Amidst mounting frustration during the Astros loss on Sunday to the Padres, I tweeted the following "[a]t this point, I'd rather the Astros just release Carlos Lee." Lee had just lolligagged his way to a fly ball and tension boiled over. Did I really mean that I wanted the Astros to swallow tens of millions of dollars? No. Am I now curious about what that would actually look like through a logical and objective lens? Yes.
So let's do just that.
Lee is currently sitting at -1.0 WAR. Yes, that is correct. He of the $19 million salary this season has actually cost the Astros a win versus if they were playing some quad-A scrub. Is some of this attributable to bad luck at the plate? Yes. Is a larger portion of it attributable to Lee's appalling fielding abilities? Most definitely. Lee's three year average according to DRS is -4 and for UZR/150 it is -8.3.
The defensive aspect of Lee's drain on the Astros ability to win major league baseball games is not a very hard case to make. Even if UZR's park adjustment are punishing Lee unfairly, it is safe to say that he is about a half win drain on the Astros team. Heretofore, Carlos has been able to offset his paltry defense with around twenty runs above average with his bat. Even with that contribution though, Lee has been unable provide enough performance to justify his contract.
Lee has still been providing value, though, which at least justifies his spot on the field. But Lee is below replacement level right now. That means that we could get better performance from someone like Jason Bourgeois, someone who is freely available and comes at a league minimum cost. Or even Jason Michaels, who is actually playing above replacement level baseball.
This skin deep analysis isn't getting us to the question I am trying to answer, though. As I stated at the outset, a large portion of Lee's failings to be an above replacement level player are the result of misfortune. Perhaps David Coleman is the root cause of it. I don't know. I don't want to point fingers. Either way, we do know that Lee's numbers indicate that he should perform better. The law of averages inclines us to believe that the Carlos Lee will perform somewhere around his career norms. We could even include a discount for aging and he still performs above replacement level. Lee's ZIPs Rest of the Season update sees him as being five weighted runs above average, which is much better than his ten weighted runs below average he has been performing.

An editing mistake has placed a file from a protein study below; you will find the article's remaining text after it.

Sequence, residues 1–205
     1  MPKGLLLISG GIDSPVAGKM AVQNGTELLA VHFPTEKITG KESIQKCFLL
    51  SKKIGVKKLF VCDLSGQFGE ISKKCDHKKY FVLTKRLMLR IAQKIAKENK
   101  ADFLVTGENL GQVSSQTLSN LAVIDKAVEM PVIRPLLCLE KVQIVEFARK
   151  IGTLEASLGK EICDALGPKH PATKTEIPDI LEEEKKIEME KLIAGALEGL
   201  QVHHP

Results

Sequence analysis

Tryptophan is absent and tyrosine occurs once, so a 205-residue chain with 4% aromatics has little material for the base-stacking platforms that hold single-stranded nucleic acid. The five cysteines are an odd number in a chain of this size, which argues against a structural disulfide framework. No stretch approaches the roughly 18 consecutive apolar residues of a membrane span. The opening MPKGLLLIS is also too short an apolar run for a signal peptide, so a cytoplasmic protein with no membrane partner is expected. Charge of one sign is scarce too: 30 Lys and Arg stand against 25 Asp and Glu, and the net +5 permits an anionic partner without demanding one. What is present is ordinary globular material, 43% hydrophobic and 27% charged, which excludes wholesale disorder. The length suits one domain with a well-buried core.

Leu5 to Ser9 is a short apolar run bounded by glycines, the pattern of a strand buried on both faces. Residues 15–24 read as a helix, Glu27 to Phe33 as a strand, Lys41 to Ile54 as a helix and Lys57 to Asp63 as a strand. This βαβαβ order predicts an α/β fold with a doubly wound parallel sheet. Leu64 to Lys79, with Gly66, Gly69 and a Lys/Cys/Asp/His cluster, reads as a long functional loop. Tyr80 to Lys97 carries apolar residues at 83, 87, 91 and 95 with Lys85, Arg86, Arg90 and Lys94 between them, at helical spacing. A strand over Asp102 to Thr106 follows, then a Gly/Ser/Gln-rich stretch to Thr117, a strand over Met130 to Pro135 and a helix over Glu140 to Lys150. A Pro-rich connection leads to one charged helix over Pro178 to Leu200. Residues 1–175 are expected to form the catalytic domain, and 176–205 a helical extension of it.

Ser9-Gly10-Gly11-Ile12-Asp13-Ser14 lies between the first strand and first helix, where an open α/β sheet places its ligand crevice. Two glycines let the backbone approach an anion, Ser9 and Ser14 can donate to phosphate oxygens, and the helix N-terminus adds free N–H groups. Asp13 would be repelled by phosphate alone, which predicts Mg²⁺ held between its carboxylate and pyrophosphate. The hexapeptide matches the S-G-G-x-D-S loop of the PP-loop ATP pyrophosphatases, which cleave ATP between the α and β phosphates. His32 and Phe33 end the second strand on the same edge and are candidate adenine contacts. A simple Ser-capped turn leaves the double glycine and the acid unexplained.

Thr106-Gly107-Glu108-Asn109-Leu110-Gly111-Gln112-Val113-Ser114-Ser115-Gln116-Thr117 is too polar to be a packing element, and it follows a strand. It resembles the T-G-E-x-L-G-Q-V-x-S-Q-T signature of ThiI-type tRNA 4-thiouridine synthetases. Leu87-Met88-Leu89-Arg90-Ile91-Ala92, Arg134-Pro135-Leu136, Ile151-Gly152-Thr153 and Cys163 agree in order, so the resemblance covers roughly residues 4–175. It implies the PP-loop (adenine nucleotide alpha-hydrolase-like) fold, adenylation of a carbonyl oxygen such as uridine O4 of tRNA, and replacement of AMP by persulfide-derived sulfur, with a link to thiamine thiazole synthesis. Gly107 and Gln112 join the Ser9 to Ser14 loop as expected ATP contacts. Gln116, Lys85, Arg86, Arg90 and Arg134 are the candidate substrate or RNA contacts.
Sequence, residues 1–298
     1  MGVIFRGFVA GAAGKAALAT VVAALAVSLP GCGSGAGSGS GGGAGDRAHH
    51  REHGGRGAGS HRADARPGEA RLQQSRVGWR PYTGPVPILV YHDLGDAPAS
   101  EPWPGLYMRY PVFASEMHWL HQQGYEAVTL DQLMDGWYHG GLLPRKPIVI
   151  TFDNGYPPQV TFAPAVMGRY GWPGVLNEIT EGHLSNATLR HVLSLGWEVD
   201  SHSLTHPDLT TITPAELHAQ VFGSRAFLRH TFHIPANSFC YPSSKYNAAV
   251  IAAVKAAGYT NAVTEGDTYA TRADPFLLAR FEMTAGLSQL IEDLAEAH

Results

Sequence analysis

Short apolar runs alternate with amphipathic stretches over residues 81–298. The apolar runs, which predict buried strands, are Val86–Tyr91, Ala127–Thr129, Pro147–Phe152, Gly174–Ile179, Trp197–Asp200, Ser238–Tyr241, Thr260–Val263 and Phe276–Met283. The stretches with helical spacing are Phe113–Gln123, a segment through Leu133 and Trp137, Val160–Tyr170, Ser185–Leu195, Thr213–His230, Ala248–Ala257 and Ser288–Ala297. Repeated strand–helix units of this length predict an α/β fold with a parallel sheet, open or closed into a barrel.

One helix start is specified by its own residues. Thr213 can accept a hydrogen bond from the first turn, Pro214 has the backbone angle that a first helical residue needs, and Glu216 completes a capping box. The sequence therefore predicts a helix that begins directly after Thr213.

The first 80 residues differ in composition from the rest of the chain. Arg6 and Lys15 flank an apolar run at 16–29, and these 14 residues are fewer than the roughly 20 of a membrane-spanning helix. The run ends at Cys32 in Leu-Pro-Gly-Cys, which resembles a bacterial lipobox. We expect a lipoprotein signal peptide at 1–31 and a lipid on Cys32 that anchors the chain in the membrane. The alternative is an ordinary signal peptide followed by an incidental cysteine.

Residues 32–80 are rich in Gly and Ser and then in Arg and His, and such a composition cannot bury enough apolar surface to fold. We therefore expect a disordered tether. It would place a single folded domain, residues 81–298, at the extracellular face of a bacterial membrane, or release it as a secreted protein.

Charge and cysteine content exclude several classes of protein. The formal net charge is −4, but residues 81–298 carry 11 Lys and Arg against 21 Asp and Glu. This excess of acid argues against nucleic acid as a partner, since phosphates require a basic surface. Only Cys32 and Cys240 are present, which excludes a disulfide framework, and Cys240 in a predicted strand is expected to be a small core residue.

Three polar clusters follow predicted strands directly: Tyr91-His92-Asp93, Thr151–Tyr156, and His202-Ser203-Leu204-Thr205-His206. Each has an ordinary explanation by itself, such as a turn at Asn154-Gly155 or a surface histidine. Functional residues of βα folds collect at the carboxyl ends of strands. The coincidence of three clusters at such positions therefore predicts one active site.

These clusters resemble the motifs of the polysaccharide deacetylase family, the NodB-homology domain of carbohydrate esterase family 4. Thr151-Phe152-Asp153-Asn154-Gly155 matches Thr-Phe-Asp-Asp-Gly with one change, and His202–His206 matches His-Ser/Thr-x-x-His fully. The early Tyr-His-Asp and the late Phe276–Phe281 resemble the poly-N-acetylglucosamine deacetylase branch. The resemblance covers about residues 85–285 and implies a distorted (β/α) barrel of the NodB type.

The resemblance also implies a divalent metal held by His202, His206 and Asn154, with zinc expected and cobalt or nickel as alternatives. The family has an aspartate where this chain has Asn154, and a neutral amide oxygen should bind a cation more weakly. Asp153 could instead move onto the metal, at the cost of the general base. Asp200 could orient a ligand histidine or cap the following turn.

This leads me to believe that the Astros should expect Carlos to start playing like an above replacement player. The question that the Astros have to answer is will Lee's resurgent bat be enough to outpace other players with lesser holes in their defense? Trade offs and opportunity costs- a conundrum.
My policy recommendation is to be realistic. For the time being, the answer to my question is a distinct maybe. There are suitable options to alleviate the drain that Lee is on the Astros win column. A long with the ability to mix and match players as needed, perhaps Lee does not need to see the top of the batting order for some time. But I do not believe the Astros, at this point, are better off without Carlos because his bat didn't suddenly lose the talent that has allowed him to be an above-average hitter, who's simply overpaid. His offensive numbers will return to a level that makes him more valuable than Bourgeois and Michaels, but he is not there right now. Would the Astros have been better off without Carlos Lee for the first eighty-two games they played? The numbers say yes. For the next eighty, though, I expect the answer to be no.
Now, once this season is done and the Astros have to ability to trade Lee for pennies on the dollar to an AL team that can use him as a DH, I say Ed Wade needs to take whatever deal he can make. And I mean it- whatever deal he can make.